Going all in

I am an all or nothing kind of person. Are you?

By this I mean I am 100% committed to something or it is not even a blip on my radar. Whether it is fitness, a hobby, relationships, or a project, it has my all encompassing, total being, zeroed in attention or else I could care less about it.

Having this kind of mentality has been rewarding and unbelievably painful.

Let’s take this approach to health and fitness. If health and fitness are the thing in the moment that I am focusing on, then I will be at the gym everyday of the week, trying to sneak in workouts after work before I go home. I am inputing every single thing that goes into my body (even water) and tracking calories consumed versus calories burned. I am measuring my weight every morning and even taking measurements of my own body. Then something happens, a new shiny thing comes along or I lose motivation and I eat a fast food meal, then ice cream at night. Before you know it I have deviated heavily from my fitness course.

Let’s approach this from a relationship standpoint (if you have been a friend of mine now or in the past, I do apologize for this point). If there is a friendship that I care about deeply developing, I schedule morning coffee so we can converse about struggles and victories, I make FaceTime calls throughout the week periodically to check up on you to see how you are doing, I send encouraging text messages to uplift you throughout the day. I am all into you…and then it happens. Either a greater priority, time constraints, or just life gets in the way, and you probably don’t hear from me for months. I apologize, really!

Do these analogies resonate with you as person? Do you find yourself completely chasing after something or someone only for the intensity of that pursuit to fizzle over time? I have a few thoughts that might help you on this matter.

Commitment is more than emotions — Sometimes we make a commitment to something as a result of a feeling a certain way about it. Maybe you are committed to something out of guilt (been there done that). Sometimes we commit to something out of a need that somebody has, and we think we are well-equipped to meet that need. But true commitment outlast the temporary emotion felt when we first commit to that cause. Commitment is a choice that we make that should outlast any obstacle we might face.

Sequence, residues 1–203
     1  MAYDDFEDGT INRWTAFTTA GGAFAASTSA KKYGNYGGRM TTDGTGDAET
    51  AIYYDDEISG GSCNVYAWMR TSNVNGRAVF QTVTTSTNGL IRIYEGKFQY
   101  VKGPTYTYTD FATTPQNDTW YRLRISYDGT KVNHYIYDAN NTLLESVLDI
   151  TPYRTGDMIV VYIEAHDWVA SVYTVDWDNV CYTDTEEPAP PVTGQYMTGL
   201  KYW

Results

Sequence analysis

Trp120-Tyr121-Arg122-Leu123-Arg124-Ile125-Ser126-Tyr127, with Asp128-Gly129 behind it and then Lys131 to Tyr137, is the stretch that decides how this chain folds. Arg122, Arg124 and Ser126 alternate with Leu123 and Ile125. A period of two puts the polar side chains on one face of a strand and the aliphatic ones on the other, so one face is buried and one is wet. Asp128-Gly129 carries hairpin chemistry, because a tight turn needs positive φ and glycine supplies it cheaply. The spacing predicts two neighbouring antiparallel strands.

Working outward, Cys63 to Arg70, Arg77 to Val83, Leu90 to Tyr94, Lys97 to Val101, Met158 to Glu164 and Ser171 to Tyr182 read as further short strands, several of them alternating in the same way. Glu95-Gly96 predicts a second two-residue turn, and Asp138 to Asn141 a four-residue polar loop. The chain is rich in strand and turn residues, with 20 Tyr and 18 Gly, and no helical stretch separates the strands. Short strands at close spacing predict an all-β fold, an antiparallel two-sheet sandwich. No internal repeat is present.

Learn to say no — Some people in this world are naturally bent on pleasing others and can often go to great lengths just to make other people happy. However there are often times when we need to revert back to the first words we learned as a child growing up and that is, no. When you say no to the things that really don’t align with your priorities in life, it leaves room for the best things. This truly is the battle we face, not between the good and the bad, but the good and the best things.

Have a strong “why” — Before you commit and double down on something, take a second to ask yourself, “Why am I committing to this?” If the answer to that question is strong enough and you can align with why you are doing what you are doing, it will help clarify your priorities up front as well as continue to guide you when you are questioning your loyalty.

Remember life is short — Ultimately our life is made up of a series of decisions we make. When I get to the end of my life, I want to come to it having made the best decisions I could have possibly made with the information I had at that moment in time. Remembering now the brevity of life can help us filter the decisions we make to ensure they are the best ones for us and those we love.